It has been a thrilling summer of Test cricket, even if this series against South Africa has been a little too dominated by bowlers too good for the opposition batters.
Not even last night’s bad light can obscure that fact. Ben Stokes’ team have played some exhilarating stuff with a certain showmanship but, credit where it is due, the administrators have done well too, showing a flexible and enlightened attitude to fifth day ticketing, and providing a pitch-perfect response to the death of the Queen this weekend. A day off on Friday followed by poignant tributes on Saturday, with still enough time for a result, struck a balance that other sports missed.
For England’s team, the travails of the winter and their run of one win from 17 feel a lifetime ago, not least for Chris Silverwood, sacked as Head Coach after the Ashes. He led Sri Lanka to an unlikely Asia Cup victory yesterday, at a time of extraordinary upheaval at home. The game moves fast, and so do England’s games.
Under Silverwood’s replacement, Brendon McCullum, England have not immediately become one of the best teams in the world. They have not reinvented the wheel. But they are a unit transformed, infused with the positivity preached by the coach and captain, Ben Stokes. They are keeping things simple, sticking to their strengths, and playing with a smile on their faces. There is an infectiousness to it all.
Stuart Broad observed last night that England “are now at a stage where every player has contributed throughout a Test summer, which is really healthy place to be”.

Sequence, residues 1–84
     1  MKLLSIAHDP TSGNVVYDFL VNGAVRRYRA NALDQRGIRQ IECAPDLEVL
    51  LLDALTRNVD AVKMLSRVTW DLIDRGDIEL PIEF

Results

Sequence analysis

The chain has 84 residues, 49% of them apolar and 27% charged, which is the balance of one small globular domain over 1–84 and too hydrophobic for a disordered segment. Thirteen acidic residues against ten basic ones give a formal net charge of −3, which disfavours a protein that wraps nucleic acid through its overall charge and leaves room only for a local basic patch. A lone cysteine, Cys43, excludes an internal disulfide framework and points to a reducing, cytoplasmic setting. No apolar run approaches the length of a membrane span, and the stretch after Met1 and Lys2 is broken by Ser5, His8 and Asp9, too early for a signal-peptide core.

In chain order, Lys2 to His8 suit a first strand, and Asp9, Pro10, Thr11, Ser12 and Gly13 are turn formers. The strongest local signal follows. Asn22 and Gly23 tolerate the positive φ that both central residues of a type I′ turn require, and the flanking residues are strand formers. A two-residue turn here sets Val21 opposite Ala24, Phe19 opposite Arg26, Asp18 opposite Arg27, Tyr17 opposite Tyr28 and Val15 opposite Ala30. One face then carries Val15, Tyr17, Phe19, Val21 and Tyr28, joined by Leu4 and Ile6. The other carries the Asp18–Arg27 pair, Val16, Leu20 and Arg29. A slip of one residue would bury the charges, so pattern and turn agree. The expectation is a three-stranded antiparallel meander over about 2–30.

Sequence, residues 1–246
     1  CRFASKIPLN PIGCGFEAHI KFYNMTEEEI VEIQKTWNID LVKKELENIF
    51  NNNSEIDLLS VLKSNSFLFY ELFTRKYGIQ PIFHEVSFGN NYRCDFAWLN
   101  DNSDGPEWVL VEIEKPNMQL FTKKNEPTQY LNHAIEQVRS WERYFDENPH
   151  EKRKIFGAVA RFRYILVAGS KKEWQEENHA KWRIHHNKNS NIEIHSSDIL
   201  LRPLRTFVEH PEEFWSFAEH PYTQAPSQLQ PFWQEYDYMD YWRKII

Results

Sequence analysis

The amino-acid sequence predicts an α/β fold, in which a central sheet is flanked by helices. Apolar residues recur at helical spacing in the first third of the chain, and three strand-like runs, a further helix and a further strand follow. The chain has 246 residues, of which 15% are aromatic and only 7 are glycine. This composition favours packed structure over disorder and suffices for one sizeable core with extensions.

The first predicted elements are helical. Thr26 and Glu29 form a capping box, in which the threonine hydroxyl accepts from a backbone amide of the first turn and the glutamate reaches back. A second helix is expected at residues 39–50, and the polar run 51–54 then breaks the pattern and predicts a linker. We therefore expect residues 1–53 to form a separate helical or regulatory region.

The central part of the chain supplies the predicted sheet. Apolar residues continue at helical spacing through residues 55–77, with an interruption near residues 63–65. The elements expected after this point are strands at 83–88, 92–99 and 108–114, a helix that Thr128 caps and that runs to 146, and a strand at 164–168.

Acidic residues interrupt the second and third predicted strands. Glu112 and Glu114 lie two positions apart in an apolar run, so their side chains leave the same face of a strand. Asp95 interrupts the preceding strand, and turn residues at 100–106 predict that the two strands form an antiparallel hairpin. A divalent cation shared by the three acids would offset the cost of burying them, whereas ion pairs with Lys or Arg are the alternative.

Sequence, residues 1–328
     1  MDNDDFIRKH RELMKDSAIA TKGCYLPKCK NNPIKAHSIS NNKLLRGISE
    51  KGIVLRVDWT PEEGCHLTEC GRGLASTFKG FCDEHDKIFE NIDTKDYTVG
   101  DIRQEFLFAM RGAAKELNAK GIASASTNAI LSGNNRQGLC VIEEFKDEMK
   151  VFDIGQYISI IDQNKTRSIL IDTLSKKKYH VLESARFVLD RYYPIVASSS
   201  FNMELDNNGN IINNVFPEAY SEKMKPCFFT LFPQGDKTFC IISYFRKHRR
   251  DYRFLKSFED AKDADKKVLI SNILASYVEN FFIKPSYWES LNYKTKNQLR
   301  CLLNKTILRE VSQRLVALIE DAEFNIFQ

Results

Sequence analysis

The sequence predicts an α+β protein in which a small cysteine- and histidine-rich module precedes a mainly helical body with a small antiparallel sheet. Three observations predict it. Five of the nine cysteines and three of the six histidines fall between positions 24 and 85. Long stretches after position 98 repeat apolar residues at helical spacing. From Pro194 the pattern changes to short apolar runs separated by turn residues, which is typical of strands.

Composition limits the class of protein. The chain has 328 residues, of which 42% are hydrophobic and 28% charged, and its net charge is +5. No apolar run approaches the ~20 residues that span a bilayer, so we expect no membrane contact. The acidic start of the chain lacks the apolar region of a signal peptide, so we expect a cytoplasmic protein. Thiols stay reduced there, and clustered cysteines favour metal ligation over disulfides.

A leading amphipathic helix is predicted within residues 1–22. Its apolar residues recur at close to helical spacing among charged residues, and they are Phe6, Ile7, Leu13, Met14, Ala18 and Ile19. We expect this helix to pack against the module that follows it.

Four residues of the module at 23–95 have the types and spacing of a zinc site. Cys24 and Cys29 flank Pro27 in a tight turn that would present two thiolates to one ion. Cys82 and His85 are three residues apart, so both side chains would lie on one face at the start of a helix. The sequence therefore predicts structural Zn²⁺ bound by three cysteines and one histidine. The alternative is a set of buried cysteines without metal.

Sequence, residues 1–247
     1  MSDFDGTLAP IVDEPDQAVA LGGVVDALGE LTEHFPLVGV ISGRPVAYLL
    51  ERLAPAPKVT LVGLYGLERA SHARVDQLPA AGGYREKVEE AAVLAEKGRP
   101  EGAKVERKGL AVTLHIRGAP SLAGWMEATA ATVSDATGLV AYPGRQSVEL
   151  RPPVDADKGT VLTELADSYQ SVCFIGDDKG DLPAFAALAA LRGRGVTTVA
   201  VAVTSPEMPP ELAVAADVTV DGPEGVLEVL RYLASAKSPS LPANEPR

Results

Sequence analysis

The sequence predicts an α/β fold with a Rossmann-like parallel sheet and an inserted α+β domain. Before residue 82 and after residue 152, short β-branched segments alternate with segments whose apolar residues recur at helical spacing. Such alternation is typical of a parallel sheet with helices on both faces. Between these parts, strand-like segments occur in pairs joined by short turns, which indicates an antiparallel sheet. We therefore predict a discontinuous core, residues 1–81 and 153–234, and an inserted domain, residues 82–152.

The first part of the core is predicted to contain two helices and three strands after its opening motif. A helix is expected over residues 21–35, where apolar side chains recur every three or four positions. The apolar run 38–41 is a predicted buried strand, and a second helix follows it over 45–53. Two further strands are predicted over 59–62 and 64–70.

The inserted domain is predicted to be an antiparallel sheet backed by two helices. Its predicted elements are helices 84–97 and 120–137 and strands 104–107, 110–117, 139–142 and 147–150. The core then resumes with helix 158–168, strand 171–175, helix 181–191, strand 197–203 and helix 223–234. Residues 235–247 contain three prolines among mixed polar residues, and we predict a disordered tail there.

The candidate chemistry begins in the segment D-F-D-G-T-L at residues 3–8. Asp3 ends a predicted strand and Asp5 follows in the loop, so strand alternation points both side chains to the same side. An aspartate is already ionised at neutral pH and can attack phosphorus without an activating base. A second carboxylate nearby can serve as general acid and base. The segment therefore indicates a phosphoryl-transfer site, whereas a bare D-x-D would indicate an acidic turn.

He was able to say that because minutes earlier Zak Crawley had ambled off the field after bad light prevented a finish last night, with 57 from 44 balls to his name. Crawley’s first half-century of the summer – indeed his first since his century in Antigua in March, nine matches ago – came at the eleventh hour: his thirteenth and final innings.
Crawley’s was not a perfect innings, but it was what England needed to calm a chase of 130 against an excellent attack in a game that has not seen a score of even 170. That Alex Lees was a sign that this was not going to be simple.
Crawley cut his fourth ball for three and drove his fifth for four, and had 10 boundaries by stumps, including lovely pulls and drives on front and back foot. Only once he reached that overdue fifty – staying stony-faced as he celebrated – did he offer a couple of chances. There was a drop at midwicket, and an edge between keeper and slip. By then, the back of the chase had been broken. Crawley had played the situation beautifully.
Crawley is a divisive cricketer, who receives opprobrium from fans and faith from management in an era of extremely benevolent selecting. What some of his predecessors would give for the chances he has received. England’s language around wanting him to be a match winner, rather than a consistent contributor, has probably not helped the conversation around his position, even if it does make some sense. After a couple of innings playing within this, though, was the player England want him to be.
"The quality of shots you saw is everything we see,” said Broad. “It’s a cliche to say you see it every day in training. But we all know within the changing room he’s got the ability to play knocks that a lot of players can’t.
"He’s had a tough summer, there’s no hiding away from that, but his demeanour has never changed in the changing room. He doesn’t let his emotions get too down, he’s never got too high. He’s got the character that you think will be a success at this level and he’s got the game.”
As of this morning, Crawley is still only averaging 22 this summer, 27 this year, and 24 as an opener. But context is required. In 52 innings by openers this summer, just seven fifties have been scored, and no opener who has played more than one match has averaged as much as 27.
Crawley has likely got himself on the plane to Pakistan this winter, and into this England team’s next chapter. Now he needs to make it count.